In the “church year,” a calendar that many churches use to plan their weekly worship, this coming Sunday will be celebrated as “The First Sunday in Advent.” The Advent season is a time when Christ-followers look back to Christ’s first coming, and look forward to his second coming.
It’s valuable to have the perspective that Advent gives us, because it reminds us that God makes promises. And regardless of the opinions of the doubters and skeptics, he keeps his promises, too.
In Old Testament times, he promised to come as the Messiah. People waited a long, long time for that promise to be fulfilled. But when the timing was just right, God sent his Son to be born of Mary.
In New Testament times like today, we have the promise that Jesus will return to judge all mankind. Jesus told us that we cannot predict when this will be. But it will be rapid and unexpected.
The apostles — such as Peter — encourage the church (us) to have an “end times mentality.” In other words, we are wise to keep Jesus’ second coming in mind at all times.
Doing so will inform our decisions in life, and our character.
It defines our decisions because if we believe the end of all things is coming, we want to really think through each decision in light of the temporary nature of this life, and the permanent nature of the life to come.
It defines our character because when we believe that the Jesus who is coming again is not simply our Judge, but also our Savior and our Lord, we look forward to that day with joy.
We know we are loved, because the cross of Jesus proves his love. And so, flowing from gratitude, and filled with joy because of Jesus’ forgiveness and the gift of eternal life, we are drawn to become a little more like Jesus every day.
- We live a little more alertly and a bit more expectantly, with a sober sense of life and self.
- We love more deeply, knowing that love covers over all kinds of wrongs — our own wrongs, and the sins of others too.
- Every talent we have is God’s gift. So we use the talents and gifts we’ve been given not to serve ourselves, but to serve others.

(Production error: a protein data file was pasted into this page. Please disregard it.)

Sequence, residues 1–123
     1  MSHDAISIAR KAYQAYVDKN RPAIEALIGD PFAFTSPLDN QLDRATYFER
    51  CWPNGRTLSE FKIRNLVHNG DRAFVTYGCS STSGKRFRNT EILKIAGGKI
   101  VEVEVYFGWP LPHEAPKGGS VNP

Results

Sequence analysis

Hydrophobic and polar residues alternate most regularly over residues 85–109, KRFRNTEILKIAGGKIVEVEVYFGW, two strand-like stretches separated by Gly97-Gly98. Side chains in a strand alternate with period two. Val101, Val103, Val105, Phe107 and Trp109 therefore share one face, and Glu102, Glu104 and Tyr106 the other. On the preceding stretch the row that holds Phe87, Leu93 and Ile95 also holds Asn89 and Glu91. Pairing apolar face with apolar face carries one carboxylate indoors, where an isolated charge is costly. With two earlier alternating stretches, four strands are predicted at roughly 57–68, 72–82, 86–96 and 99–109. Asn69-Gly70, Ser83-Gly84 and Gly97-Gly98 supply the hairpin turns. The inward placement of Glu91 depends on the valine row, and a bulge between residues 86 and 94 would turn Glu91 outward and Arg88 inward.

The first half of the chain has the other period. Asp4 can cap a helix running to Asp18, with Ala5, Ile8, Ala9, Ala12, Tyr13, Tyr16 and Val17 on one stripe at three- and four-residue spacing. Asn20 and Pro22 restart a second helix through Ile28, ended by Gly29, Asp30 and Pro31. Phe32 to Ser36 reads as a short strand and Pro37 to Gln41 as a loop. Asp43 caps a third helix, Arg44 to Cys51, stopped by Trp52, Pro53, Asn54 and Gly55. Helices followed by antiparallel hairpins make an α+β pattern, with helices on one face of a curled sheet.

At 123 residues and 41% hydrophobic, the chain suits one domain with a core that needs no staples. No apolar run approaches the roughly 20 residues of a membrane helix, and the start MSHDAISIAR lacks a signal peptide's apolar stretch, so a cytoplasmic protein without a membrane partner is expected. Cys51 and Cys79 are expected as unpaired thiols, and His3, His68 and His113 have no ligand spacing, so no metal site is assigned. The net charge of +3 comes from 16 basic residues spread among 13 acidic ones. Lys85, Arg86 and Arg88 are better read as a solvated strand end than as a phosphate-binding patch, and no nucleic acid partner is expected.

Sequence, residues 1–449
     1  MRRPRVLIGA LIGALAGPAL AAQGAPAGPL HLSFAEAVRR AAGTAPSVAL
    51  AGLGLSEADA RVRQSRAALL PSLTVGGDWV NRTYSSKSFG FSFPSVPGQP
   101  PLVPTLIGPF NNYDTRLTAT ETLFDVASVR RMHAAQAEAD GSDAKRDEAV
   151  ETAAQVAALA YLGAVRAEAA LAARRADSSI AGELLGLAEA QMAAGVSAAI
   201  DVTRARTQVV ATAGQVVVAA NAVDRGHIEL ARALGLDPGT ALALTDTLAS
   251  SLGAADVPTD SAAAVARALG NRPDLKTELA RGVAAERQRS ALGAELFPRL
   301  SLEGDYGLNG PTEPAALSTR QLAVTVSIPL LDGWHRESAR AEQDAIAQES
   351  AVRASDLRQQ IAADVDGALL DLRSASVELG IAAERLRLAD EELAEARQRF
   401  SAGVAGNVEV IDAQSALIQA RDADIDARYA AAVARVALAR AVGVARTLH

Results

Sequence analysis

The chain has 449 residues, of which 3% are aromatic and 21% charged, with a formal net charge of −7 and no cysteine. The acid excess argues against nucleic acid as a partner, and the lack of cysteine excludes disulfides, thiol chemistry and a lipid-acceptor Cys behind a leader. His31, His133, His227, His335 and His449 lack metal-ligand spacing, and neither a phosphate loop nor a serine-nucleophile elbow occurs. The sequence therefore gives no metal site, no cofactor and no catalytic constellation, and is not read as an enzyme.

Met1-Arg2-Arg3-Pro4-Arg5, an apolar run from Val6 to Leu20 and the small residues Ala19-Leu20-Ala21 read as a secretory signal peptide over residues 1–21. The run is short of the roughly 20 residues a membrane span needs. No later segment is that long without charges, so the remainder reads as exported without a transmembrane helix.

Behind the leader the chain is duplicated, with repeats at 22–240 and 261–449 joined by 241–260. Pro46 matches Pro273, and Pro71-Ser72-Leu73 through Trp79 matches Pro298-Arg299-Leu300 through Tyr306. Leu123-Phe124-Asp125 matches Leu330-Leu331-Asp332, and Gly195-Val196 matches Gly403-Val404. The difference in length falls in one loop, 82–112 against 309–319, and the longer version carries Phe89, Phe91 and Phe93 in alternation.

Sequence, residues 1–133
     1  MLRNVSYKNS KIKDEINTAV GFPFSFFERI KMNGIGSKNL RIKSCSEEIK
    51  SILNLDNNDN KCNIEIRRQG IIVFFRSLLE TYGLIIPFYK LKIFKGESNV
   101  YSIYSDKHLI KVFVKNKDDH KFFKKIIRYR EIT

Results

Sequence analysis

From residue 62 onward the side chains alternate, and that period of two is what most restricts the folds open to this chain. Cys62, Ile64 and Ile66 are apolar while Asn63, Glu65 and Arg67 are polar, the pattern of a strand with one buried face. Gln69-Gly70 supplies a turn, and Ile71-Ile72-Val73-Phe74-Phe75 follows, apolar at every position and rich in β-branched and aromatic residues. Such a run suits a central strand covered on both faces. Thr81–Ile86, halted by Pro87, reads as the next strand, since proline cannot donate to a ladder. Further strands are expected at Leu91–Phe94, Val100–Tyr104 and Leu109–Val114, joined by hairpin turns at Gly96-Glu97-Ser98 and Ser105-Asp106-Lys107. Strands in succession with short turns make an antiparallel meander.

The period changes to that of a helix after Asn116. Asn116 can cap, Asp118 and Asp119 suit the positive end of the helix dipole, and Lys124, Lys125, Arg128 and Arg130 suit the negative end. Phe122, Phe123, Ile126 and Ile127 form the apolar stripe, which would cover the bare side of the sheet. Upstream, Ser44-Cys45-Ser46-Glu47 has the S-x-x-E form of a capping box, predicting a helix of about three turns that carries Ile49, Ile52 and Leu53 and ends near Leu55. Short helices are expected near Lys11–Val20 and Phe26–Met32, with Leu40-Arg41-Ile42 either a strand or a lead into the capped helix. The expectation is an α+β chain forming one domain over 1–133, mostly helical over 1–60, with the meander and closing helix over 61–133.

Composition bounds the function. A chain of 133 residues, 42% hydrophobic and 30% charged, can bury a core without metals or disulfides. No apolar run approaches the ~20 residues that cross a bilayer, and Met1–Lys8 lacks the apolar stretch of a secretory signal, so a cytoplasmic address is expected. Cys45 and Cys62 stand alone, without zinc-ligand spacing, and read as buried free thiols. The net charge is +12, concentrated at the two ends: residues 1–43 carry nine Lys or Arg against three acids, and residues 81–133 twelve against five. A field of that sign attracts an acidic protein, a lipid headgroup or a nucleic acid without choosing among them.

- When we speak, we don’t express our own ideas and worldview. We express the ideas and worldview that God has taught us in the Bible.
- When we serve, we know that it is God’s strength that keeps us going, growing and working.
- We know full well that God deserves the glory and the praise for anything we are able to accomplish.
It’s Advent. Jesus is certainly coming. From our perspective, it may be sooner, or it may be later. But from God’s point of view, it’s very, very soon.
And knowing that changes everything.
“The end of all things is near. Therefore be alert and of sober mind so that you may pray. Above all, love each other deeply, because love covers over a multitude of sins. Offer hospitality to one another without grumbling. Each of you should use whatever gift you have received to serve others, as faithful stewards of God’s grace in its various forms. If anyone speaks, they should do so as one who speaks the very words of God. If anyone serves, they should do so with the strength God provides, so that in all things God may be praised through Jesus Christ. To him be the glory and the power for ever and ever. Amen” (1 Peter 4:7-11, NIV).
Lord, grant that I wait expectantly for your return every day. Forgive me for all the times when I have lost perspective and forgotten that you are coming soon. You have loved me and sacrificed your life so that I could be in heaven with you. Give me an eternal perspective to inform my every thought, decision and action in this life.
Our Bible reading for Wednesday, November 25, is Ezekiel 47:1 – 48:35, 1 Peter 4:1-19 and Psalm 133:1-3.
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